Version 3.1 is out with many improvements! The main news is the support in Carbon for ELF files and the improved deployment of the Linux edition.
This is the full list of news:
+ added ELF Carbon loader
+ added edit bytes command to Carbon
+ added write method to Carbon
+ added detection of 16-bits wide strings in Carbon
+ added open in hex editor action in Carbon
+ added filters to Carbon
+ added Carbon Monokai theme
– added single view mode (Ctrl+Alt+S)
– improved deployment on Linux
+ improved x86/x64 disassembly
– improved hex workspace
– updated capstone to 4.0.1
– fixed misidentified object crash
– fixed some bugs
Carbon: ELF loader
Here we can see an ELF x64 file in Carbon. As we can see we have an entry point with a call to __libc_start_main.
We can follow the first argument which will bring us to the main function.
.text:0x000007BA main proc start
.text:0x000007BA ; EXPORT
.text:0x000007BA ; DATA XREF: 0x000006CD
.text:0x000007BA 55 push rbp
.text:0x000007BB 48 89 E5 mov rbp, rsp
.text:0x000007BE 8B 05 4C 08 20+ mov eax, dword ptr [rip + 0x20084C]
.text:0x000007C4 89 C6 mov esi, eax
.text:0x000007C6 48 8D 3D B7 00+ lea rdi, [rip + 0xB7] ; "test is: %d\n"
.text:0x000007CD B8 00 00 00 00 mov eax, 0
.text:0x000007D2 E8 B9 FE FF FF call plt_002 -> printf
.text:0x000007D7 B8 00 00 00 00 mov eax, 0
.text:0x000007DC E8 9F FE FF FF call plt_001 -> libfunc
.text:0x000007E1 89 C6 mov esi, eax
.text:0x000007E3 48 8D 3D A7 00+ lea rdi, [rip + 0xA7] ; "libfunc result is: %d\n"
.text:0x000007EA B8 00 00 00 00 mov eax, 0
.text:0x000007EF E8 9C FE FF FF call plt_002 -> printf
.text:0x000007F4 B8 00 00 00 00 mov eax, 0
.text:0x000007F9 5D pop rbp
.text:0x000007FA C3 ret
.text:0x000007FA main proc end
Carbon: detection of 16-bits wide strings
Simple 16-bit wide strings are now automatically detected in Carbon.
Carbon: open in hex editor action
It is now possible to open the hex editor from the disassembly. To demonstrate this feature I crafted a small executable which asks for a password and prints an error message if the password is wrong.
We can easily find the “wrong password” string in Carbon by pressing Ctrl+5.
Right before the referenced string, there’s a scanf followed by a strcmp.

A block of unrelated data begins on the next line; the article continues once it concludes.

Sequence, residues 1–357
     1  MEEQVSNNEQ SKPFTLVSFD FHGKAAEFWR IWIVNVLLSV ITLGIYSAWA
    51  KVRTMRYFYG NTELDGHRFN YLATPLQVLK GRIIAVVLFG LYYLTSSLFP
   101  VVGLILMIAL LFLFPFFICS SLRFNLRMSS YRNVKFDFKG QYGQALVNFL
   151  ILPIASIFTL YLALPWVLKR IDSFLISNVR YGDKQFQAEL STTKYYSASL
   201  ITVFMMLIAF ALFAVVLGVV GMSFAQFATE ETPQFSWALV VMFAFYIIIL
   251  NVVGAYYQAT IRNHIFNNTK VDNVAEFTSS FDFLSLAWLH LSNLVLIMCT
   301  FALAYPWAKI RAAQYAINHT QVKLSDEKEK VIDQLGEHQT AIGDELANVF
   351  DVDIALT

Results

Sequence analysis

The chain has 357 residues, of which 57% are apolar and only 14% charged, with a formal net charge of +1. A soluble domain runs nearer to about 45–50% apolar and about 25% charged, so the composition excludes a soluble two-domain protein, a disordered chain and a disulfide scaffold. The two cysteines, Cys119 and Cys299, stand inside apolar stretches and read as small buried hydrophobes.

We go to the jne which evaluates the result of the strcmp and we open the hex editor from the contextual menu. It will ask us to open a file (it must be a copy of the file we’re analysing).
We can just nop the two bytes representing the jne and then we save the file.
Whatever password we insert now, it will be accepted.
While filters are already accessible from hex views, it is now possible to access them from Carbon as well.
Let’s take the same sample analyzed in the previous blog post with xored strings. We select on of those xored strings and we open the filters from the contextual menu or by pressing Ctrl+T.
We can now test out a filter on the selected bytes. In this case we simply use a xor to see the string in plain.
Carbon: Monokai theme
The Monokai theme has been added to Carbon.
I have been using this theme for some development projects and wondered what it would look like in a disassembly. I don’t know about you, but I like it… 🙂
While it has always been possible to trigger the full-screen mode via Ctrl+Alt+F, now there’s also single-view mode which can be triggered via Ctrl+Alt+S.
What it does is to hide all other views, leaving only the focused view open. Press the same shortcut to exit the mode and have all other views visible again.
Improved Linux deployment
The Linux edition has been drastically improved by simplifying its deployment. As a result it should now be compatible with many more versions of Linux, without having to adjust dependencies. It also comes with a built-in Python distribution, just like the Windows edition.
Carbon: improved x86/x64 disassembly
The disassembly in Carbon has been improved so that it now shows import forward calls. Let’s take this simple call to __crtTerminateProcess.
If we follow the call, we’ll see that it just calls a jumps which in turn jumps to the actual API.
These sort of calls to jumps or jumps to jumps are now automatically resolved to improve the readability of the code.
Improved hex workspace
The hex workspace comes with a number of small improvements, but mainly the initial layout doesn’t show the output view by default.
We hope you enjoy this version as we’re already working on the next one and I can’t wait to show you some of the cool things we’re working on. 🙂